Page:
Wednesday, April 7, 2010

Local Forest Trusts should replace central control from Victoria

Central control of local forest landscapes is not working. One hundred years ago, the BC Government was advised that its main responsibility toward our Crown or Public Forests was to ensure that a wise system of forest management was developed.

The system that BC Governments have been developing for the last 65 years has been one of private timber harvesting rights allocated to a small number of forest corporations. The legal term for this type of right is a usufruct. A usufruct is the right to harvest crops from land owned by someone else. It is easy to appreciate that the usufruct is not a good arrangement to ensure the long term stewardship of forest landscapes. Since forest companies could choose the timber they wanted to harvest, the arrangement was conducive to value stripping the best timber. The forest sector and forest dependent communities are now facing difficulties that run deeper than the present economic downturn.

The BC Government has not heeded the early advice because it did not have to. Governments do what they want, even if it is not in the public's best interest. The forest industry is in difficulty and asking for more in the form of perpetual usufructs in public forests. These will take the form of long term leases that will virtually privatize our public forests, while allowing any Minister of Forests to maintain that they remain Crown or Public.

The old historic game of land enclosure is shaping up for a repeat episode in BC. A few powerful interests get the ear of the governing powers and make some economic argument that they can make more out of the land. Land intended for common benefit, through changes or weakening of laws gradually falls into the hands of a few. This has been underway in BC for more than 60 years.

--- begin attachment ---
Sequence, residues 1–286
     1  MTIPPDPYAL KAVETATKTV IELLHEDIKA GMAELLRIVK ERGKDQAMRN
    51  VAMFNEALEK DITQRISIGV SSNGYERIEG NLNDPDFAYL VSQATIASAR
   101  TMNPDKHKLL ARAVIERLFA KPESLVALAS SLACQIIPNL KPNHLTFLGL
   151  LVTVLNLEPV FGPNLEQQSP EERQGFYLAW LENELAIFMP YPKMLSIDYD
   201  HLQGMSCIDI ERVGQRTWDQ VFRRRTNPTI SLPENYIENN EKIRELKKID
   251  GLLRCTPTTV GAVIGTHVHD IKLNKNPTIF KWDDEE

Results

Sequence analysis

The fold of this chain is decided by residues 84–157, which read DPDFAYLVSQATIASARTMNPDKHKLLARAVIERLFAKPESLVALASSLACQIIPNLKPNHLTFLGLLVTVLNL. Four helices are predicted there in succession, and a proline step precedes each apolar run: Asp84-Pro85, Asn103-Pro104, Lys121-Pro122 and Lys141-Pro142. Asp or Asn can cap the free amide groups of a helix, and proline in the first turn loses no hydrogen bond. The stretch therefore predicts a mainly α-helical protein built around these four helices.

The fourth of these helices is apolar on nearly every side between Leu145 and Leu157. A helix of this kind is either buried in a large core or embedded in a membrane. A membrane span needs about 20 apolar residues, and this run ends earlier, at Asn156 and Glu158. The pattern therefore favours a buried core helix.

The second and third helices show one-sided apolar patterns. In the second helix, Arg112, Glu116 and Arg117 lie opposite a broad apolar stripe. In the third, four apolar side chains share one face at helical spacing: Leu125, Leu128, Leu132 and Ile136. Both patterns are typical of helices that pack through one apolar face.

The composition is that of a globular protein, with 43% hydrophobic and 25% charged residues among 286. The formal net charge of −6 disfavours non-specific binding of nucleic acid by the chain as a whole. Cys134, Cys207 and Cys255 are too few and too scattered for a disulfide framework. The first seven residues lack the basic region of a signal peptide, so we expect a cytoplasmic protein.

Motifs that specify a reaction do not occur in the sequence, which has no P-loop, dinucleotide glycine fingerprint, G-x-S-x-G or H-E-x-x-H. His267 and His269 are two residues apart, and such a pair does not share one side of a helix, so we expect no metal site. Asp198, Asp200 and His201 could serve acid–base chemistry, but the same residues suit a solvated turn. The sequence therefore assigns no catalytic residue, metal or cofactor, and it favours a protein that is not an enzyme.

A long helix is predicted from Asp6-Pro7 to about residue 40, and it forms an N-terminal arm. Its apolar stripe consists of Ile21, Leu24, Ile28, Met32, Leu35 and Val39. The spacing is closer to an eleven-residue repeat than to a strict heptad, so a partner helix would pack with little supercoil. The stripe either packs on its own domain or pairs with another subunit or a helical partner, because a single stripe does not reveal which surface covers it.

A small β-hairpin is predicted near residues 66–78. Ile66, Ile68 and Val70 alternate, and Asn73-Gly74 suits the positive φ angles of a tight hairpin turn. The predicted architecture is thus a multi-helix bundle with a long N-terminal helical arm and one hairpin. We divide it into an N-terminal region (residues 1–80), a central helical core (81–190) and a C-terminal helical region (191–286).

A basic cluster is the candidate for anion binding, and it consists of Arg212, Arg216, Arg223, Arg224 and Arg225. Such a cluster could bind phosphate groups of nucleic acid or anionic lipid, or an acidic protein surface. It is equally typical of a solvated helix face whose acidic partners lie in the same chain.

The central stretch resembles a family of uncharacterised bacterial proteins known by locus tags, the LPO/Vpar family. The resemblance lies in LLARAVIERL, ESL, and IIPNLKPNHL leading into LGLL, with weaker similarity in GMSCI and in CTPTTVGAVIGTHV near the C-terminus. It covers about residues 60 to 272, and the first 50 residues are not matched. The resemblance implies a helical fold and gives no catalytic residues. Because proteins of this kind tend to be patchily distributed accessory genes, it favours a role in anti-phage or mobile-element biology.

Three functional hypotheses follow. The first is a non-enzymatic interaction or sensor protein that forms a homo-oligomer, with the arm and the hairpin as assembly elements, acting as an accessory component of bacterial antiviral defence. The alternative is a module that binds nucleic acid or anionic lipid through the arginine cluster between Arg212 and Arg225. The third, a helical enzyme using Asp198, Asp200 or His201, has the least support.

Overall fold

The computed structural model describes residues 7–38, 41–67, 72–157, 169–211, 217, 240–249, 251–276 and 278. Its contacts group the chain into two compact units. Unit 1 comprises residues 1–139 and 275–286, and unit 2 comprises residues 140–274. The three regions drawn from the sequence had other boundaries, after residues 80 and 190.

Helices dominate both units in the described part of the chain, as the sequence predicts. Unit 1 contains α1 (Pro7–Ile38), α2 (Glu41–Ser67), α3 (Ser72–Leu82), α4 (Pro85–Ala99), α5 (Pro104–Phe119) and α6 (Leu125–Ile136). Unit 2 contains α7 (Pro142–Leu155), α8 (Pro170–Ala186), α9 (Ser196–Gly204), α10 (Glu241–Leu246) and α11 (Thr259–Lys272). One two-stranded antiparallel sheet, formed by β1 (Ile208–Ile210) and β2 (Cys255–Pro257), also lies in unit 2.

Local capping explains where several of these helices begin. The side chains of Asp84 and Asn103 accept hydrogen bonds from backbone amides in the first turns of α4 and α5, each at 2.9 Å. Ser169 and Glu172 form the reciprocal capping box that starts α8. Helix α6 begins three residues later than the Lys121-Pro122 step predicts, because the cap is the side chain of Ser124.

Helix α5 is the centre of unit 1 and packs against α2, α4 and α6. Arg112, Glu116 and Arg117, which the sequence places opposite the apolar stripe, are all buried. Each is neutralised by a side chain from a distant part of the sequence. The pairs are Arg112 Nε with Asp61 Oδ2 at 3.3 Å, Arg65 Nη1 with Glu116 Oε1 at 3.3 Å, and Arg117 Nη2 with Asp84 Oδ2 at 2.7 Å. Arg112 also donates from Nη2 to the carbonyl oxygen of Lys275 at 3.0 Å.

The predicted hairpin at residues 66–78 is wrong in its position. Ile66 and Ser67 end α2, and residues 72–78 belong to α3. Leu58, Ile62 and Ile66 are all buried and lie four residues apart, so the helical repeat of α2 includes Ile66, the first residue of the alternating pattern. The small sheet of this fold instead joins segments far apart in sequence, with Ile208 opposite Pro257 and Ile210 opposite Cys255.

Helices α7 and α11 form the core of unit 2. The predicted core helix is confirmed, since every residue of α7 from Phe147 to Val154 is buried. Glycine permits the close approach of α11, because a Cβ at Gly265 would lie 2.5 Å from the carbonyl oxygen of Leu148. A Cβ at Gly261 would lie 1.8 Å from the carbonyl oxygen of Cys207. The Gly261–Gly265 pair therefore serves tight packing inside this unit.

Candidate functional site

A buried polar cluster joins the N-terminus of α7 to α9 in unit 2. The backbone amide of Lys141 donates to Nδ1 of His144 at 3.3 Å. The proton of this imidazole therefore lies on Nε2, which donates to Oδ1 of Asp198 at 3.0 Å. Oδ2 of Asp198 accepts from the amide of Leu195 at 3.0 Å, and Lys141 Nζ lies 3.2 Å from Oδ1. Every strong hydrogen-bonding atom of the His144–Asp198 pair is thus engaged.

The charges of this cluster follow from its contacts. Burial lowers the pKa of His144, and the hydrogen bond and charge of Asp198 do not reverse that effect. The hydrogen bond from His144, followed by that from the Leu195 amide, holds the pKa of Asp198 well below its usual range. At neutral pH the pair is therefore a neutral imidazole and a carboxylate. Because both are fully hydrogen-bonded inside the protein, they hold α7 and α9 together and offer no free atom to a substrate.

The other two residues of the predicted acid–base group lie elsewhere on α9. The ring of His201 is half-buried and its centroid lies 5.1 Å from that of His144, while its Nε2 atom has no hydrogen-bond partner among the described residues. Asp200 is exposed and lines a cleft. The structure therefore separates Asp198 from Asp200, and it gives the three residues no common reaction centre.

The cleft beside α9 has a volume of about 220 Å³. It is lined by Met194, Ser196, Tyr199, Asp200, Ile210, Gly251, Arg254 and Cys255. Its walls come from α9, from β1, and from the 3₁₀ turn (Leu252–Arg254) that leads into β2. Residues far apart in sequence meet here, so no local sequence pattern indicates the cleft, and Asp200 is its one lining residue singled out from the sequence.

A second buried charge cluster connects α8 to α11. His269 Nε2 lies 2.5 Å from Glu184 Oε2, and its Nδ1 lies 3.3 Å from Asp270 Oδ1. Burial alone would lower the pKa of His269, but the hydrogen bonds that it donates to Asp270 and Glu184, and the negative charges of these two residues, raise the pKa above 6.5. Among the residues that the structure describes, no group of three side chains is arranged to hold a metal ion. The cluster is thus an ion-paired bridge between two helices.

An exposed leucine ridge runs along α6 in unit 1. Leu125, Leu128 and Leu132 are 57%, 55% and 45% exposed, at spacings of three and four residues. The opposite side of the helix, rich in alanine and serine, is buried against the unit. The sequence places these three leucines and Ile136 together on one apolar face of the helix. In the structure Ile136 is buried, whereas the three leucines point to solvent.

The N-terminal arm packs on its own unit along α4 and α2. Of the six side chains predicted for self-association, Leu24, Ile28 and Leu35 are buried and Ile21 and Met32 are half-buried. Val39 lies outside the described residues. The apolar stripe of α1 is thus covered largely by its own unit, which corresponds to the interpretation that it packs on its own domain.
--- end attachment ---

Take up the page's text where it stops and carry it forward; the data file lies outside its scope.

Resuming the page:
The public and communities should be asking for some stronger institutions to protect their interests in their forests. The existing Ministry of Forests or Forest Service is just an arm of Government that has to do the bidding of the Government and its Forest industry partners. Devolving stewardship responsibilities from central government to Local Forest Trusts would replace the ability of the BC Government to do as it pleases. Instead there would be written Trusts that require sustainable forest management.

A Local Forest Trust would be a large forest landscape or landscapes that is of sufficient size to support economic forest operations and a professional staff. It would have a elected board. It would operate like a business and sell timber on the open market. It would be responsible for the stewardship of the forest and would not be permitted to delegate forest management for anything larger than a family wood lot licence.

To support and audit Local Forest Trusts there would be a Forest Trust Assembly controlled by delegates, both professional and elected from Local Forest Trusts. This body would act as a check and balance as well as a place of appeal.

The new arrangements of Local Forest Trusts and a Forest Trust Assembly enable local participation and local management of forests. Forest professionals will work for local people rather than central government or large corporations.

Communities need to speak up for some new institutional arrangements for stewardship of their forest landscapes. Otherwise the BC Government will heed the advice of its corporate forest management partners.

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